From a basic, logical perspective, XMRV as the causative agent for any disease has been dead in my eyes, for quite some time. One would literally need to bend the rules of basic epidemiology, basic cancer biology, basic immunology, basic virology, time/space for ‘XMRV’ to be ‘real’.
But of course, in the real world, especially with virology, things dont always work logically.
So for me, XMRV was officially dead when logical, putative explanations for contamination were put forth last December. It went beyond “this doesnt pass the smell test”, to “this is an explanation for why you would get fishy results: its a fish”.
XMRVs corpse was buried when the identical virus/insertion site paper was published.
And this one Im going to talk about today cant be described as anything but pissing on XMRVs grave:
Long story short– They tested lots of CFS patients and lots of healthy controls for XMRV lots of different ways. They didnt find it. Thats not all that interesting anymore, because apparently no one can find except the Blessed Mikovits. Yes they used lots of detailed protocols, but again, everyone has. Im bored with smart people wasting their time on this crap. Im disgusted at the money being wasted on this crap in a funding crisis.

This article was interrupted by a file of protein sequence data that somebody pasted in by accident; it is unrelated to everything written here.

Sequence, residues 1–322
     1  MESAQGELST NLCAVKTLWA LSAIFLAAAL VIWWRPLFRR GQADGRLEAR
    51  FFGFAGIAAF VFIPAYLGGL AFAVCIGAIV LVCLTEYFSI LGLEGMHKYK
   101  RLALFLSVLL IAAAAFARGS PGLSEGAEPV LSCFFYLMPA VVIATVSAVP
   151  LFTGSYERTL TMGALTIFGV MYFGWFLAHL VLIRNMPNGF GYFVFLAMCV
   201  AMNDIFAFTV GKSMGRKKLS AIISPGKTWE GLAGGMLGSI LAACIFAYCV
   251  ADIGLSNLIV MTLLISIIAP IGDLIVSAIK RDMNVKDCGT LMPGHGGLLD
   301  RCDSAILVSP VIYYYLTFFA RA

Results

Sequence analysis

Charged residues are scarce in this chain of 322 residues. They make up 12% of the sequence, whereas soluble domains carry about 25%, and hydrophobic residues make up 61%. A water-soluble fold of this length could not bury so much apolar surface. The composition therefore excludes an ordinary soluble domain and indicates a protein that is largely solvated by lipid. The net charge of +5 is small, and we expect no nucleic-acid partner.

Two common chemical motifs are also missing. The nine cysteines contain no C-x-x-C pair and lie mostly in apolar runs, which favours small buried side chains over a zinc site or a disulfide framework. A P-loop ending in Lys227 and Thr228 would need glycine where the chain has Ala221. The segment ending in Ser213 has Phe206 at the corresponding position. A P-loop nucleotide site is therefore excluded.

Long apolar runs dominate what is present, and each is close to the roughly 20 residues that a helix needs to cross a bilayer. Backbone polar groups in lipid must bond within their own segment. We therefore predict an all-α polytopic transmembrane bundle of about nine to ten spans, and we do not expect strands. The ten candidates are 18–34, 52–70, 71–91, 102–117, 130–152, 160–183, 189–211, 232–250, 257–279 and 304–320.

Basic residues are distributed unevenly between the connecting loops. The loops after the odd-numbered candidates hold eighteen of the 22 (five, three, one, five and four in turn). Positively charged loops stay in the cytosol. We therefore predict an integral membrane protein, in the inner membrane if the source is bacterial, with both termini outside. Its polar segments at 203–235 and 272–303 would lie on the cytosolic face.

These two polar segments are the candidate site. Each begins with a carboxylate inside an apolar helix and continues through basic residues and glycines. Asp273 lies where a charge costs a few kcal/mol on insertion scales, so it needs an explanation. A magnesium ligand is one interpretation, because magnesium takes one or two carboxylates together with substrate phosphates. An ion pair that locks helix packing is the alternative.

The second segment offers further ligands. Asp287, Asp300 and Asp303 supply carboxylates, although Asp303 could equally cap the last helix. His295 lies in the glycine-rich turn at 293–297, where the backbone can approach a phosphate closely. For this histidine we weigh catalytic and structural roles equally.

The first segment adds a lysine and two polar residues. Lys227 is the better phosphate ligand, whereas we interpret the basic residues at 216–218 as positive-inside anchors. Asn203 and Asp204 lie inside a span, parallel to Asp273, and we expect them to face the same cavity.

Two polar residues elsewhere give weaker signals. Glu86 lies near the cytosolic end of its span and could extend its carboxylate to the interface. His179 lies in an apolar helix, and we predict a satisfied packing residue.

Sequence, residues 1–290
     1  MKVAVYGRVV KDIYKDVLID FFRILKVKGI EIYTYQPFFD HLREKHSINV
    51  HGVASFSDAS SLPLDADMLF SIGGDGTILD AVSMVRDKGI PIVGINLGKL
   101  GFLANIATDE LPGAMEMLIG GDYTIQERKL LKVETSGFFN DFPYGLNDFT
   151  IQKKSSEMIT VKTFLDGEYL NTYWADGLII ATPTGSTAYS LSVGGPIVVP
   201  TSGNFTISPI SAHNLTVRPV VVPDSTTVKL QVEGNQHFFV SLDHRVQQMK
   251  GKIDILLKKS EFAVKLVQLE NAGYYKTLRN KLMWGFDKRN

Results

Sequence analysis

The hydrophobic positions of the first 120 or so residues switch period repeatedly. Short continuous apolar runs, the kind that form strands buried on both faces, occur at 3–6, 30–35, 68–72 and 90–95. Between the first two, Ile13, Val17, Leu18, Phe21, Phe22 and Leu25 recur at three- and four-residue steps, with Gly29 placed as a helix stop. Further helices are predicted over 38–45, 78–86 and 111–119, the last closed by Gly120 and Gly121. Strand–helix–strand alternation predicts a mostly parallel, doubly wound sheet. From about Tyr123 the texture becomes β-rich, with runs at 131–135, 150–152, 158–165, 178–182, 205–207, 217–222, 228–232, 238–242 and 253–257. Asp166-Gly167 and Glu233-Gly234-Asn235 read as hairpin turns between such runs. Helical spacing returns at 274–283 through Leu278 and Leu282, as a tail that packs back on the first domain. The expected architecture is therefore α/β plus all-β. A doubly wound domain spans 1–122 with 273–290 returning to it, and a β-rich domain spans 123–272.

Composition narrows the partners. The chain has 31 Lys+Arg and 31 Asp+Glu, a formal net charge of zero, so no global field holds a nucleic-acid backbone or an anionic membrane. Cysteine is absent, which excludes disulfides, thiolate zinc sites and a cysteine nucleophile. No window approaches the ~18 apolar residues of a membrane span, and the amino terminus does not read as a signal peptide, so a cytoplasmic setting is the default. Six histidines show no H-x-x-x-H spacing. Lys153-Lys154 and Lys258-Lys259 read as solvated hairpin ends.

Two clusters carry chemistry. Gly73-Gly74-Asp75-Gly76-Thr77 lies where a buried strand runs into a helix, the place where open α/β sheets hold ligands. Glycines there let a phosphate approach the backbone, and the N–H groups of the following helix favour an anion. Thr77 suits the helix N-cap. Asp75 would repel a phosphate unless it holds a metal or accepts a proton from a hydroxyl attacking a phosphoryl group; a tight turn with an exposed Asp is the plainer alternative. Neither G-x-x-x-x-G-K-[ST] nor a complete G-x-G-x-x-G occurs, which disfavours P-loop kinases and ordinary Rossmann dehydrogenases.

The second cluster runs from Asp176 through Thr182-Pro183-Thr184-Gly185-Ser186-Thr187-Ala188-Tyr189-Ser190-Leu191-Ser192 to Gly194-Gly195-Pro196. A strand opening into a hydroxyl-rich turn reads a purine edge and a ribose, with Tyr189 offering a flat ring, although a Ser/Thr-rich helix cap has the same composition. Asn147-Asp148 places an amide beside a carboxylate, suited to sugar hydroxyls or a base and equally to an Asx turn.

No, whats neat is they tested 14 of WPIs poster-child ‘positives’– people who had repeatedly tested positive in the WPIs labs for the past couple of years.
They were not XMRV positive with this labs *extraordinarily* paranoid protocols. For an example, there is no way I would do this:
We prevented this [contamination] by handling only one set of cultures in the biosafety cabinet at a time, and meticulously decontaminated the cabinet between cultures with 70% ethanol and UV irradiation. This made the viral replication assay very time-consuming and labor-intensive, and we could perform it only on a subset of our samples.
I regularly juggle 60 different viral cultures in one sitting. The hood is sterilized before and after all of them, not each of them– I physically wouldnt/couldnt do what they did and not lose my mind (they did ~70 cultures). But they took the risk of contamination so seriously they did it anyway.